In the time I started embroidery computers didn’t exist yet and choices of patterns, fabric and yarn where very limited. The world was only as big as the village I lived in.
I started designing because there simply weren’t enough patterns!
I created patterns without a computer until 2005.
I used a pencil, paint and a lot of paper to create a design.
When the pattern was finally to my liking I would use a black ink pen to copy it to graph paper.
This process cost a lot of time and used piles of paper.
In 2005 I started using a computer.
I then started to transfer all my patterns to the computer, which improved the legibility a lot.
The first pattern I made with the computer is 40 Rana.
To get to know the embroidery computer program I took a picture of our dog.
It quickly became clear a computer cannot think for itself.
You can use it to load a picture and convert it into a pattern using Cross stitches.
You can even choose which type of yarn it should use. But this automatic conversion just doesn’t turn out very nice.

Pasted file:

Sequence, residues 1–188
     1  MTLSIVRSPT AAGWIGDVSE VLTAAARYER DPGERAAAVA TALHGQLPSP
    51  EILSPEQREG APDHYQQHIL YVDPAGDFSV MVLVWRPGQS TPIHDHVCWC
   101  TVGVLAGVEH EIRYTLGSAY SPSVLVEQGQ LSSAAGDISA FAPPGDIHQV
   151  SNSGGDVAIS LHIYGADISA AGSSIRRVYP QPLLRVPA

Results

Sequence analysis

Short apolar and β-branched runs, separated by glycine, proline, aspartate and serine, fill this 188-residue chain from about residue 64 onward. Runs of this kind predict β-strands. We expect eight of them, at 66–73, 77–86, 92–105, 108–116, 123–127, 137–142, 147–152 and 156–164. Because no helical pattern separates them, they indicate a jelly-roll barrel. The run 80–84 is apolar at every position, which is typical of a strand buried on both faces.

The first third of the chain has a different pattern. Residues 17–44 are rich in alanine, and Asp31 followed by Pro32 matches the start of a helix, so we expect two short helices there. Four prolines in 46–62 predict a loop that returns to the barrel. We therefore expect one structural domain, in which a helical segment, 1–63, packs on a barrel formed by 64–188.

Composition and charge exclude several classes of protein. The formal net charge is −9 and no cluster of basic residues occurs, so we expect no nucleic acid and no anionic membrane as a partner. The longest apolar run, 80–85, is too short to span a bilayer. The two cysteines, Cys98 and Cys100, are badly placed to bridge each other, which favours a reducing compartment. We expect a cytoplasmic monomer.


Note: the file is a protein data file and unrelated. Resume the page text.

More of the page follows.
The program simply translates the picture into less pixels choosing the added colours.
The end result gives an impression, nothing more.
This is when the real work starts.
Work like creating the right colours by combining two different threads and checking the pattern for all the weird things the computer has done to it.
It is a labour intensive and not very creative process.
I have rarely used this kind of designing after this first try.
I now use the computer as a tool, it saves a lot of paper and paint.
Ideas for designs I get out of my dreams, emotions and out of life.
Sometimes I get inspired by an existing work of art which I transform into a embroidery pattern, always stating the original artist of course.
The whole creative process is the same as when I started, except the fact that I now paint straight onto the graph paper of the embroidery computer program.


Every pattern manual contains:
When applicable the meaning of the pattern.
The size of the pattern, shown in number of cross stitches.
The type of fabric and the size.
The used type of yarn and their numbers in order of number.
A yarn list with the used symbols
When other yarn then DMC is used a conversion diagram to DMC is supplied, if possible.
Whenever necessary an explanation of the special stitches is supplied.